In between chasing down your stakeholders for interviews, wrestling with your use cases or managing conflict and corporate politics, you may decide to abort what sometimes seems like meaningless meetings or endless paperwork.
What you may not know is that the reason you’re chasing down stakeholders or having so much trouble gathering requirements is that you don’t have an effective Requirements Management framework in place.
You are reading this post because you are interested in learning or mastering business analysis for a number of reasons like
- You may have read the US Bureau of Statistics report which predicts that the business analyst role will be one of the fastest growing occupations through 2012
- You are a computer programmer or software tester who is getting burned out on the monotony of coding or testing
- You may be interested in learning business analyst because you will gain more visibility by interacting with users and managers
The Agile Business Analyst plays a key role in facilitating conversations between stakeholders, quality assurance / testing teams, customers, subject matter experts (SMEs) and software developers in an incremental, iterative fast-paced product development environment.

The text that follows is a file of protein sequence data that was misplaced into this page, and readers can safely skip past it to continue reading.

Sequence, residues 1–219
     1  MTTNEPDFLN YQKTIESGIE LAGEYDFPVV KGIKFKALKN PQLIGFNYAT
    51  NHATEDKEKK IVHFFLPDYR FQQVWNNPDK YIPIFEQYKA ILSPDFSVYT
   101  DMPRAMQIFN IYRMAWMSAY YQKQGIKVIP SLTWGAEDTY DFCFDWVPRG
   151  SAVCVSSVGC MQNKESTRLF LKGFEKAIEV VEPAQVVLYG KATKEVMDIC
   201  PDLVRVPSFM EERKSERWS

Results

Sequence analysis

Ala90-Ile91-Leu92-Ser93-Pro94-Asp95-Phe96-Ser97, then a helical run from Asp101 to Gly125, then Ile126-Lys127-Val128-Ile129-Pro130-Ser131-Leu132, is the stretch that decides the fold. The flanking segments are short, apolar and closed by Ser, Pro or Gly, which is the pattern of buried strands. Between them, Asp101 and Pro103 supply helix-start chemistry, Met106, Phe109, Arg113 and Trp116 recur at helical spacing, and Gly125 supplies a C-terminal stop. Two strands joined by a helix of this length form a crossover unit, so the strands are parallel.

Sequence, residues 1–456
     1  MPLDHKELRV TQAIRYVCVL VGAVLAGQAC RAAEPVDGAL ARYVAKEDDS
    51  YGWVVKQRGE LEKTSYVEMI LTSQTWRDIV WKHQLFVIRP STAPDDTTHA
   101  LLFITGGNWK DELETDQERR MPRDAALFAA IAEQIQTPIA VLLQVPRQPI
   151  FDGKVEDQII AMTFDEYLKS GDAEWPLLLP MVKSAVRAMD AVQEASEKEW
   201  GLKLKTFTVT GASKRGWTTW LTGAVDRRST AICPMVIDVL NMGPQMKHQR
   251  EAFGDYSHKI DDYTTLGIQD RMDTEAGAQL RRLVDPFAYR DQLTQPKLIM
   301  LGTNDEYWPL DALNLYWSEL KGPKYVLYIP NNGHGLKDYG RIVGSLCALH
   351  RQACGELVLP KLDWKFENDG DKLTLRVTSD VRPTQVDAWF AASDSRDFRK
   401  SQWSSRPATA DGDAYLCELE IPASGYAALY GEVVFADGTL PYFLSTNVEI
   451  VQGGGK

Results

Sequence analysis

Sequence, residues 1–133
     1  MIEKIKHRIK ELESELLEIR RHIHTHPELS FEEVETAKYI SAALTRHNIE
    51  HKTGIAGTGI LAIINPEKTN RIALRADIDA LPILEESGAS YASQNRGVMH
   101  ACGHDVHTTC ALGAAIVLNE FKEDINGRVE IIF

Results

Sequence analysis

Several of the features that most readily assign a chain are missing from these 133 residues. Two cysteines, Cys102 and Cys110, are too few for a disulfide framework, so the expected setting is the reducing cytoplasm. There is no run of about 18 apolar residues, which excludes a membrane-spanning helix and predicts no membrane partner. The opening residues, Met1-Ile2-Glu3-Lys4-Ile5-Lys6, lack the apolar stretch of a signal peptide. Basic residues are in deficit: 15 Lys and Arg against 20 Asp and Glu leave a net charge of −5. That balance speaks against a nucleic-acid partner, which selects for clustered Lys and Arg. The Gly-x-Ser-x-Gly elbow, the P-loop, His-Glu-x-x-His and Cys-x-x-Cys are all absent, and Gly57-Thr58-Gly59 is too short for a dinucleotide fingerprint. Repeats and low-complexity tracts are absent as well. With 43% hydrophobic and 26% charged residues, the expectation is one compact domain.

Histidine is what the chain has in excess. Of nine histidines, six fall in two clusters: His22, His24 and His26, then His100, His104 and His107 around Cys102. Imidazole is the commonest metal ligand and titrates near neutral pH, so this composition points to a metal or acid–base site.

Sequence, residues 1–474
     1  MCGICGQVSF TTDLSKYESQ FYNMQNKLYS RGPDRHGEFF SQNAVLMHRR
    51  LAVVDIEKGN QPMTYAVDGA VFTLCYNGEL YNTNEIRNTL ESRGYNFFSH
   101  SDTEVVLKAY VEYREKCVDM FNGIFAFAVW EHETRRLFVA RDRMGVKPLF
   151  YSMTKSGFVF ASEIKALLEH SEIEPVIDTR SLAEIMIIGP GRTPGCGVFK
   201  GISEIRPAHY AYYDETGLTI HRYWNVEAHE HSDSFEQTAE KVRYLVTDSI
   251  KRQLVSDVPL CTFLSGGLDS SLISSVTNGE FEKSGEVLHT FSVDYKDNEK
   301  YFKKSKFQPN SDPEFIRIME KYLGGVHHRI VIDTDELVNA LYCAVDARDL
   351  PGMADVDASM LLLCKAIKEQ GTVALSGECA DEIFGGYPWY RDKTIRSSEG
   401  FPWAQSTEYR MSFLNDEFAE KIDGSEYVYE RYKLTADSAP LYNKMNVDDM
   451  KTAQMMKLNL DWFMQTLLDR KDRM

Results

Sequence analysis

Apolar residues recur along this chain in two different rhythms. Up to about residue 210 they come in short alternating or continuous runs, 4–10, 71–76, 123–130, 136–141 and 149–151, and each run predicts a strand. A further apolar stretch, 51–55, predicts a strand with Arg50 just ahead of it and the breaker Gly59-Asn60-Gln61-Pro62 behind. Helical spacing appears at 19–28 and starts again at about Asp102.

So, who is the Agile Business Analyst and why should business analysts who are already comfortable with the process of eliciting requirements in a traditional product development environment be concerned about becoming more agile?
Introducing The Agile Business Analyst Role
The Agile Business Analyst’s role includes facilitating communication, reducing the reliance on extensive documentation and reducing the length of the feedback loop in product development projects.
The Six Sigma career path intersects or shares a number of tools, processes, goals and techniques with the business analyst career path.